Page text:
1. We caught him lying about a party he went to...we had discussed this calmly and even put it in writing weeks before...and followed through beautifully. But now I am thinking it was too harsh. WE said 4 weeks grounding. Then we said any disrespect which he does DAILY he would lose his cell, pc, xbox, computer, etc. And again followed through. But I am thinking that the time frames are SO LONG and the punishment so severe (after years of being lax) that this could be causing him to be so despondent and confused?

>>>>>>>>>>>>>>> 3 days works best.

I tried to get him his electronics back earlier by saying …you can earn them back by being respectful for one hour. Do you know he flatly refused?

>>>>>>>>>> “Being respectful for one hour” – what does that mean exactly? If I were to video-tape him being disrespectful, what would I see? Be very specific when telling your son what he has to do to earn his way off discipline.

Digging in and preferring to punish himself over complying and reaping the rewards. Guessing he is at Stage 3?

Q: Is this normal? Is he just adjusting to our new style? Should we follow through on the 4-week deal? We have 2 more to go or give him an option to earn back the privilege?

>>>>>>>>>>>>>>>> Yes…very normal. Four weeks is about 3 ½ weeks too long.

2. I realize that I try so hard to stay calm but am in a constant power struggle. I try to be calm but he pushes my buttons all day/every day.

Q: When I say "What do you have going on today? What time is basketball? Any tests today sweetie?" and he does not make eye contact or answer...what should I do? IGNORE him or discipline him?

>>>>>>>>>>>>>> I would ask one short question …then either listen to his response, or ignore his lack of response.

When he responds with a grunt...same question? When he is going to bed. I say I love you...and he does not answer or leaves the house in the morning without saying good bye back...

>>>>>>>>>>>Pick your battles carefully have bigger fish to fry. It doesn’t matter whether he responds or not. What matters is you are doing the nurturing piece that is so vital to the overall success of these strategies.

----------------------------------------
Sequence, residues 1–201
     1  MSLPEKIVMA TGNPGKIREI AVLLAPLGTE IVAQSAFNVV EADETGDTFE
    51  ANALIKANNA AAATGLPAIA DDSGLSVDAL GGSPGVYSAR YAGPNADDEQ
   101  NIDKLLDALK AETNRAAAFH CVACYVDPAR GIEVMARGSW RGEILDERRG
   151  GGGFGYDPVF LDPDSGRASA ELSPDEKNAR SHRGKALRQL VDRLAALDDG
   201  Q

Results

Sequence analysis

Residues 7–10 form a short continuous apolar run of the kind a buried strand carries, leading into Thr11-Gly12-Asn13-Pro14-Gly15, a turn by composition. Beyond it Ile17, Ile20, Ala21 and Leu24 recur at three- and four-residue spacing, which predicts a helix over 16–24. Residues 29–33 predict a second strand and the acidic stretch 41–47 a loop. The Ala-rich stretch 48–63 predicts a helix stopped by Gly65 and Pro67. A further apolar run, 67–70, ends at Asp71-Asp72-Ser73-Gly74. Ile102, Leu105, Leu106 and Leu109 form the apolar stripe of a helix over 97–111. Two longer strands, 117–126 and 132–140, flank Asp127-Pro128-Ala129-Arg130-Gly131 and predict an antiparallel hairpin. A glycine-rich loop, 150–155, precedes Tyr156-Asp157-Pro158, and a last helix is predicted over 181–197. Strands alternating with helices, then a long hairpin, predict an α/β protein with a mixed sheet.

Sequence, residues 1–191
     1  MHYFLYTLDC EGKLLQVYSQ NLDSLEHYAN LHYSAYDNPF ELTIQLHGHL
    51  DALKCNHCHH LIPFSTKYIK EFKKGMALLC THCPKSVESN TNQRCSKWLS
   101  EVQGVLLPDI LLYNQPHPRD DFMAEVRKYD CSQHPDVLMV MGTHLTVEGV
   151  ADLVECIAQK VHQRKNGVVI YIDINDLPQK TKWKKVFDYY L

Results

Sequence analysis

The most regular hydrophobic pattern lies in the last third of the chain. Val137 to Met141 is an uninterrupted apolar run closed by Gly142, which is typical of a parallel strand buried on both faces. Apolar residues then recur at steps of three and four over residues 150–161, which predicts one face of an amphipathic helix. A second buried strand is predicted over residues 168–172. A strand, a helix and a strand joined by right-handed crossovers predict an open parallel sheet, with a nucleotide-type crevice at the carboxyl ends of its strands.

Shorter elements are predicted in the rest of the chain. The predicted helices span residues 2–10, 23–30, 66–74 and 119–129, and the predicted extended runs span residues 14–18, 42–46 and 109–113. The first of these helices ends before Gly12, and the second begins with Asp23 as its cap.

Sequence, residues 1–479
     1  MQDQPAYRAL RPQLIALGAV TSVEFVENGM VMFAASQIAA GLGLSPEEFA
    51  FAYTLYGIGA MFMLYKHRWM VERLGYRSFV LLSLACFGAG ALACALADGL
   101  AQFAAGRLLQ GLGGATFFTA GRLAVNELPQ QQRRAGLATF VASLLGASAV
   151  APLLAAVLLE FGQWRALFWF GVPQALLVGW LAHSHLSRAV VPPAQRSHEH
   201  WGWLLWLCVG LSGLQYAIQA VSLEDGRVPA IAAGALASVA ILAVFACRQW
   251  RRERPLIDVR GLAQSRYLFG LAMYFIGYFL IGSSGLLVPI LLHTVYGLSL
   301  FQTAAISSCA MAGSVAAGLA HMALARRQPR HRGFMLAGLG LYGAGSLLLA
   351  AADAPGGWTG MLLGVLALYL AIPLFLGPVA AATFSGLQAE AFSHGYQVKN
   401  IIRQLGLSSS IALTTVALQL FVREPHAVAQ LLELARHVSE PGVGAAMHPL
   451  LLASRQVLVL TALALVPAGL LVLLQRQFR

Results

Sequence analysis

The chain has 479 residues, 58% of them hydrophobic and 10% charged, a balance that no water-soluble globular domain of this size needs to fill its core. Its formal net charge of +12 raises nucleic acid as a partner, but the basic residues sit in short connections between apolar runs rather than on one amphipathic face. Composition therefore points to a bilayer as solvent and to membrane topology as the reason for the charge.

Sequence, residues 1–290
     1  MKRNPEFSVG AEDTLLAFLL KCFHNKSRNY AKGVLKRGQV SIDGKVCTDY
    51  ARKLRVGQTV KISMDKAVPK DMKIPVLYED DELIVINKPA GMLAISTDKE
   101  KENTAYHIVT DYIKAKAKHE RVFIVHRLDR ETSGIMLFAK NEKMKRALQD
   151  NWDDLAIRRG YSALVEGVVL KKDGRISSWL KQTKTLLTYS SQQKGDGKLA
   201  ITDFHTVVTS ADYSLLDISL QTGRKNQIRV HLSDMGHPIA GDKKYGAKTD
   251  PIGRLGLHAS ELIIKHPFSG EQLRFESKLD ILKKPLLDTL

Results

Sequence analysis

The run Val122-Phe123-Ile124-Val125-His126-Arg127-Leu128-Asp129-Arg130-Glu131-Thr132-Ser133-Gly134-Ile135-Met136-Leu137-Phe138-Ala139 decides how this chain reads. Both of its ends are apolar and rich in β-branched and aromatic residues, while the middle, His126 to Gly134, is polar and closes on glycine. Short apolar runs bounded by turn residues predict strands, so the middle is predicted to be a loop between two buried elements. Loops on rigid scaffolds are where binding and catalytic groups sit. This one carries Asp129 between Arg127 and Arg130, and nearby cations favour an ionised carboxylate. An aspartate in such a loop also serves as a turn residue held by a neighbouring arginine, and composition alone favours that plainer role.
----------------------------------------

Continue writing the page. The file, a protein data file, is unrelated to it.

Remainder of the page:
I would LOVE to get coaching from you, either on line or via phone. We live in NJ ...not sure if in person is an option.

>>>>>>>>>> Not currently unfortunately.

PLEASE let me know you work/ how fast we can get started/can you address very specific questions like I have outlined here?

Thank you so much!!

Hopeful in NJ


He threatening to slit my throat...

Hi Mark. My son has been staying at his Dad's for a week and a half now with no contact at all. Suddenly, today, he left me a phone message threatening to slit my throat because he fucking hates me. He also called me a fucking C---!!! Is it time to call the police? This was totally unprovoked unless he heard something from one of his friends. Everyone knows I'm concerned with drugs.




I would definitely file a complaint. If you can get an officer to the house so he can hear the message -- that would be even better.

If someone you knew (other than your son) called you and threatened to set your house on fire, would you take that seriously? ...I'm guessing you would. I don't see this threat from your son as any different.

Err on the side of safety (plus you will be showing your son that threats of physical harm have legal consequences).

Be safe,


She took her tantrum to a whole new level...


My husband and I read your e-book a couple of weeks ago and we have started making a lot of changes. Our daughter is not responding well. She took her tantrum to a whole new level last night, bringing a knife into her room and telling us that we make her want to kill herself. We have been giving her a lot of positive attention when she is good and spending time talking to her etc. But, she feels like she is always getting into trouble now. I realize now that we let her get away with so much in the past, and it is a difficult adjustment. We have sent her to her room at least once a day and taken away a lot of her computer privileges. We are not yelling or getting emotional, but being firm. I don’t know what else to do. I didn’t give her any attention when she had her tantrum last night, but I am worried that she will do something stupid.

Also, she told us that one of her good friends has told her that she started taking drugs, but she is not sure if it is true and does not know what kind. Do we forbid her from spending time with her friend?



It’s good that things are getting worse …that tells me you are working the program. Be patient with your daughter as she adjusts to the parenting changes you’ve made.